LOS ANGELES (CBSLA) — Road trip selfies, on-the-go playlist changes, and re-centering Google maps: starting Jan. 1, doing any of these things while driving a vehicle will be illegal.
Under Assembly Bill 1785, California drivers will be prohibited from using their phones unless the device is mounted on the dashboard or windshield or is in voice-activation mode.READ MORE: Woman Says She Was Refused Service At An Encino Dunkin' Donuts For Being Deaf
Gov. Jerry Brown signed AB1785 into law in September. Violators must pay a $20 fine for the first offense and $50 for each subsequent offense.
The new law does not apply to emergency services professionals such as police and firefighters while “using an electronic wireless communications device while operating an authorized emergency vehicle…in the course and scope of his or her duties.”
According to the California Office of Traffic Safety, 80 percent of vehicle crashes involve some sort of driver inattention; up to 3000 people nationwide are killed in crashes where driver distractions are involved; and talking on a mobile phone or texting is the most common source of driver distractions.READ MORE: Illegal Marijuana Grow Bust Nets Nearly 30,000 Plants And Leads To 31 Arrests In San Bernardino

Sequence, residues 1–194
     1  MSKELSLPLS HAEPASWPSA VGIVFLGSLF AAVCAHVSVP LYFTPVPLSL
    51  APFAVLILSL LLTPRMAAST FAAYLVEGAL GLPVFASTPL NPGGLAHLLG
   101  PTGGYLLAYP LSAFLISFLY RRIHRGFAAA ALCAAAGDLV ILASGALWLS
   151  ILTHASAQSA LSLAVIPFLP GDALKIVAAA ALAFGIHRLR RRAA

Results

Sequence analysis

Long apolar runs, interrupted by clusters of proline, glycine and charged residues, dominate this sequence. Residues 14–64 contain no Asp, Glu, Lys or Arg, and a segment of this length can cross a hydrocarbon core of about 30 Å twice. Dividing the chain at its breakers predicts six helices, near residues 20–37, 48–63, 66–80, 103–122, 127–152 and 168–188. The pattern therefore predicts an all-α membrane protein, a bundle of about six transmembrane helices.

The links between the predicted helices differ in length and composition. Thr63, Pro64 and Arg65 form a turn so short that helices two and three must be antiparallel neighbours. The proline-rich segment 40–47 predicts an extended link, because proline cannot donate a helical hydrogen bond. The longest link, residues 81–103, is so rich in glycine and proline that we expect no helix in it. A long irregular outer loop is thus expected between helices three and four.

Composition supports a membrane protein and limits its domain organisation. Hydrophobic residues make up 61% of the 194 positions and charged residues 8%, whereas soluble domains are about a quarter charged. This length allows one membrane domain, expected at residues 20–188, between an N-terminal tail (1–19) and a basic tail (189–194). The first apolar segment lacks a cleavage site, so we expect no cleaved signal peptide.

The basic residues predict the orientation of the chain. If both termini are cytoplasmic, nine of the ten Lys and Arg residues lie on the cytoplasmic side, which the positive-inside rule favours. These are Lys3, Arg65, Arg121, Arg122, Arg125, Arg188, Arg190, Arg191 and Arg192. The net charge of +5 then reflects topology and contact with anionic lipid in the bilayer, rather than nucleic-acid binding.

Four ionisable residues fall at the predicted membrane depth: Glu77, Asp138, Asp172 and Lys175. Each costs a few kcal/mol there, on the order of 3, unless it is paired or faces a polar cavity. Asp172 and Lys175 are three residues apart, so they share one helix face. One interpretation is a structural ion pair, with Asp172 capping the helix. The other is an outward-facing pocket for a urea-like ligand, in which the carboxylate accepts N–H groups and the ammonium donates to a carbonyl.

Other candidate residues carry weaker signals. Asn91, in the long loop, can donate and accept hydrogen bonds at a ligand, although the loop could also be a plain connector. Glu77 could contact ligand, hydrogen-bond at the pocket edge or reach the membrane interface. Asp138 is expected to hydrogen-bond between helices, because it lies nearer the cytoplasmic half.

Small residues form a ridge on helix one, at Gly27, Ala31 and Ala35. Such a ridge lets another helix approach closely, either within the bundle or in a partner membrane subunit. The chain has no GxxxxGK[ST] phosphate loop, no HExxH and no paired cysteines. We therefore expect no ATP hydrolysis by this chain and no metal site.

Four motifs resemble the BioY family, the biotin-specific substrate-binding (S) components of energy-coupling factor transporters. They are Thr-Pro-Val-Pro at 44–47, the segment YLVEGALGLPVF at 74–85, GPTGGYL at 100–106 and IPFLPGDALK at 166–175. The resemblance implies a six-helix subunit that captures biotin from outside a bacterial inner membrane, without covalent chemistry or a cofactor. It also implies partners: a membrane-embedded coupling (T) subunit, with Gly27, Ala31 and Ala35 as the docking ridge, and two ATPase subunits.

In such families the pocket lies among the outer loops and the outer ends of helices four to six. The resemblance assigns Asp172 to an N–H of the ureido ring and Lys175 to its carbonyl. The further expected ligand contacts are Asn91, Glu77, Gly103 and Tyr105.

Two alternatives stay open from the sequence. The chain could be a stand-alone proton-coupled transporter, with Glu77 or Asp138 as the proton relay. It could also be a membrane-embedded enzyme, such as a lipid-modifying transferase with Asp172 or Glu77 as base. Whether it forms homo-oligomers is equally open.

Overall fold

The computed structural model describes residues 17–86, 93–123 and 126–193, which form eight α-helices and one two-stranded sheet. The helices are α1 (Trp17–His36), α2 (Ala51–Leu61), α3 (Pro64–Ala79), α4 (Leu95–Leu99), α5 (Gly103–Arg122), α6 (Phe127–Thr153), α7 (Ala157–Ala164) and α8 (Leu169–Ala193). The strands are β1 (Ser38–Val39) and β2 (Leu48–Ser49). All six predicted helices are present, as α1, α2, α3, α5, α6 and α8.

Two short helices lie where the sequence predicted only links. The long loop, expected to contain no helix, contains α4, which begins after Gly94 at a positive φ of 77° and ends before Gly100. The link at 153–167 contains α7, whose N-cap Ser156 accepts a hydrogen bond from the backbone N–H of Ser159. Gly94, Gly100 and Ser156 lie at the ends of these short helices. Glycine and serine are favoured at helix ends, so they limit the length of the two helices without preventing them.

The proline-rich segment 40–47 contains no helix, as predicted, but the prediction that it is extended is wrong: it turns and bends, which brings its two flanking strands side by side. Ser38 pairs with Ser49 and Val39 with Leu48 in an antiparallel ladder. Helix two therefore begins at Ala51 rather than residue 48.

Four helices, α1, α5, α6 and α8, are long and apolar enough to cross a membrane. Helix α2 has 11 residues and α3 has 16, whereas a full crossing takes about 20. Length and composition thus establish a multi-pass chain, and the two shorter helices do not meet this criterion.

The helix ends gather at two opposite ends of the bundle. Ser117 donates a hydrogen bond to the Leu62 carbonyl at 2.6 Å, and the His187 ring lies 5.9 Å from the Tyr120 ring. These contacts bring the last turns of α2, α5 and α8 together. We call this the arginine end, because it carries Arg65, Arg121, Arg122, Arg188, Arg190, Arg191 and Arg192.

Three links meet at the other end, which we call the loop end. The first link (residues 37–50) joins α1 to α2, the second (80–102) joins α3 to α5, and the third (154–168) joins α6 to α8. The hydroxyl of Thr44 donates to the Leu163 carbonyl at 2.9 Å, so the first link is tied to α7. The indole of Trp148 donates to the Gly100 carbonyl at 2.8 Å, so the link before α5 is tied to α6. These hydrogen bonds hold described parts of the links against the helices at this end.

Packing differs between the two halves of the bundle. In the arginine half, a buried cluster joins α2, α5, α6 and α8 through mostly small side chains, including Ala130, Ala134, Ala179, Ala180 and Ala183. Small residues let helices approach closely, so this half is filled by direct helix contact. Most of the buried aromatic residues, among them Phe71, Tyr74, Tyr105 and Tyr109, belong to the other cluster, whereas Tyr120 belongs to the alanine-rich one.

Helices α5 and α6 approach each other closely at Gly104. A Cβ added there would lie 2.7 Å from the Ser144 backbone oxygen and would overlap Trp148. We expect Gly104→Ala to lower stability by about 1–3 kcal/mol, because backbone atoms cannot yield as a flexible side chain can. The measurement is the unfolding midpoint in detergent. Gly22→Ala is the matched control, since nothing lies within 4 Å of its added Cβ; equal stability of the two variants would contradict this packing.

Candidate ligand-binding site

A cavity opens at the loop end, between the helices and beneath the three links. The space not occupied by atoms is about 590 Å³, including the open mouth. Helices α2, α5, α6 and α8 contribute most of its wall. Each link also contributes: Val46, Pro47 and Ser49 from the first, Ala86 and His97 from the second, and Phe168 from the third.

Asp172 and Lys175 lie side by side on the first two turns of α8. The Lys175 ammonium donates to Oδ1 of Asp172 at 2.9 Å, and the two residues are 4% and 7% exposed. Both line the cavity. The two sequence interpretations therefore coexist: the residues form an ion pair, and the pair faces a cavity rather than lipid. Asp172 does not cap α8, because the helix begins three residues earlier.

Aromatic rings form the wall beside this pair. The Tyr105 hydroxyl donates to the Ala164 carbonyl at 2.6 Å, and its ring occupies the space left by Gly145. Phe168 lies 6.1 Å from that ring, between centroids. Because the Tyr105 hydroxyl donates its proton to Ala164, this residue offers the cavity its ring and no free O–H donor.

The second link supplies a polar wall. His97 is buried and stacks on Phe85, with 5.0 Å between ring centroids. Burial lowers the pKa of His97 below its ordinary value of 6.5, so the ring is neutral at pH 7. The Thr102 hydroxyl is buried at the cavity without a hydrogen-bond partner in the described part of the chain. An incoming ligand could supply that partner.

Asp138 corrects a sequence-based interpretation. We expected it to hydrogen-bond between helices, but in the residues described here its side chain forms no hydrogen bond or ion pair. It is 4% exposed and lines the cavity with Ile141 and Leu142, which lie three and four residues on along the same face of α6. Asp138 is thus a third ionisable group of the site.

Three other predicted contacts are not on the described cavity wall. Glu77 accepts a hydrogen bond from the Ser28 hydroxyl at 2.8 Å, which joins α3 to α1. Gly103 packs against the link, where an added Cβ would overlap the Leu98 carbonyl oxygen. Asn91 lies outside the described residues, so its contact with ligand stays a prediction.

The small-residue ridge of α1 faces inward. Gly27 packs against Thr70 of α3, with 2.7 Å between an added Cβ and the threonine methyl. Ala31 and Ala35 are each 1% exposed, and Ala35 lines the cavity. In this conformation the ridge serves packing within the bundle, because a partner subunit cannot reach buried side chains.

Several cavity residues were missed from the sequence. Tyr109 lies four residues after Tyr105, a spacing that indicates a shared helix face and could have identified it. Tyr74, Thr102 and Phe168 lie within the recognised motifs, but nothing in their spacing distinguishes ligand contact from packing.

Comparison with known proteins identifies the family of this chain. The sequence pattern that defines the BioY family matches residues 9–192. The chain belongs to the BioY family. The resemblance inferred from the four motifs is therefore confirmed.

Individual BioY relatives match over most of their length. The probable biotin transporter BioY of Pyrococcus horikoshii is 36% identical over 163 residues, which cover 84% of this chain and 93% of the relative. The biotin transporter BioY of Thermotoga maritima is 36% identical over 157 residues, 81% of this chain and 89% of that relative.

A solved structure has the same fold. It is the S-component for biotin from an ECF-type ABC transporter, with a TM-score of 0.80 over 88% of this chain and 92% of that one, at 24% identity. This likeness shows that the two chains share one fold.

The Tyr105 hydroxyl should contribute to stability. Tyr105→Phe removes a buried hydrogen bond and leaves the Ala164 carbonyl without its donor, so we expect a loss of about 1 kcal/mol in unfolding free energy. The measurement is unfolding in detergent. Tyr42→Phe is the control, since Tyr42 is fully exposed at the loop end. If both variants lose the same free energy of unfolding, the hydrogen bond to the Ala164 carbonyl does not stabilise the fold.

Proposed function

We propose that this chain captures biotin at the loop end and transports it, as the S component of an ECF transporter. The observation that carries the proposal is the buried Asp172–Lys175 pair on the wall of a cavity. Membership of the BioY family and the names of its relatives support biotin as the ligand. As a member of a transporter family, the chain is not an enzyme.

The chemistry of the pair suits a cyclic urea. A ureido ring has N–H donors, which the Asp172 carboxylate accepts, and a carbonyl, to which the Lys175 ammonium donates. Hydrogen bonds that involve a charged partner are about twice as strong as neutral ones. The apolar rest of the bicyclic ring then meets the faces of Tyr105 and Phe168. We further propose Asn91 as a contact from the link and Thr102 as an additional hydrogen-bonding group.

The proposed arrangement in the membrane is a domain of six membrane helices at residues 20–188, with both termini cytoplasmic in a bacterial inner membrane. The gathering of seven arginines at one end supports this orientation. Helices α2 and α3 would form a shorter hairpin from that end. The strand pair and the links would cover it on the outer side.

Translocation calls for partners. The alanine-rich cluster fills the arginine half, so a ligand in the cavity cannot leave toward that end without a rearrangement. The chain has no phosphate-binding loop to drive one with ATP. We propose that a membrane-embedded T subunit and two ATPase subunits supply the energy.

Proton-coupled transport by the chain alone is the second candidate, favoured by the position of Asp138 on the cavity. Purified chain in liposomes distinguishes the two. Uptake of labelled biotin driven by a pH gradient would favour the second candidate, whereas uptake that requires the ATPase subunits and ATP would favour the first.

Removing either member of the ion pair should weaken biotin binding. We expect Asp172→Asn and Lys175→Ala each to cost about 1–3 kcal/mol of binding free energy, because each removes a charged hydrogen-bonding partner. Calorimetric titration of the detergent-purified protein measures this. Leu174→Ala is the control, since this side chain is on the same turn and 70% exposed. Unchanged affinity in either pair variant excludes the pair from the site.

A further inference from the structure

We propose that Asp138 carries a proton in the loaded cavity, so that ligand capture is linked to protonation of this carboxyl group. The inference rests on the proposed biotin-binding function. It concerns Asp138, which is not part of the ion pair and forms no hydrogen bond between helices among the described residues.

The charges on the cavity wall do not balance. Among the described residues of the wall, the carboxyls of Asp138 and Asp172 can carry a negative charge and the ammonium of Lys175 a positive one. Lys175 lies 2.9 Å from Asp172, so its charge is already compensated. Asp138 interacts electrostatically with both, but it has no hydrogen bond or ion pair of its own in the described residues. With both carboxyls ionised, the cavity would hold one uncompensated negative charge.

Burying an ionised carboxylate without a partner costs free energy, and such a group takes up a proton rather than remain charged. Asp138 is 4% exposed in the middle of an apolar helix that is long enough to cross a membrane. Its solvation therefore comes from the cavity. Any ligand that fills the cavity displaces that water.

Liza Xu said the new restrictions will take some getting used to. “That’s impossible because I would have to tie my hand to the side and not touch it. I drive a lot, and I have to use the phone. So I don’t know if I’m going to be able to drive in 2017,” she joked.
Since many newer vehicles have hands-free calling built in, Cristina Cruz said the new law is not a big deal.
“I just don’t see how they’re going to enforce it. It seems a little silly. Texting and driving okay. But having it in my hand, it’s a little much,” Cruz added.
Louis Gomez drives a stick shift. So he could not even hold on to his phone in the first place.MORE NEWS: COVID-19 Related Hospitalizations Continue To Drop In Los Angeles County
“I think it’s a good law. But it will definitely take some time for us to get use to it,” Gomez said. “I can see how people can actually forget about it because we’ve been doing it for so long.”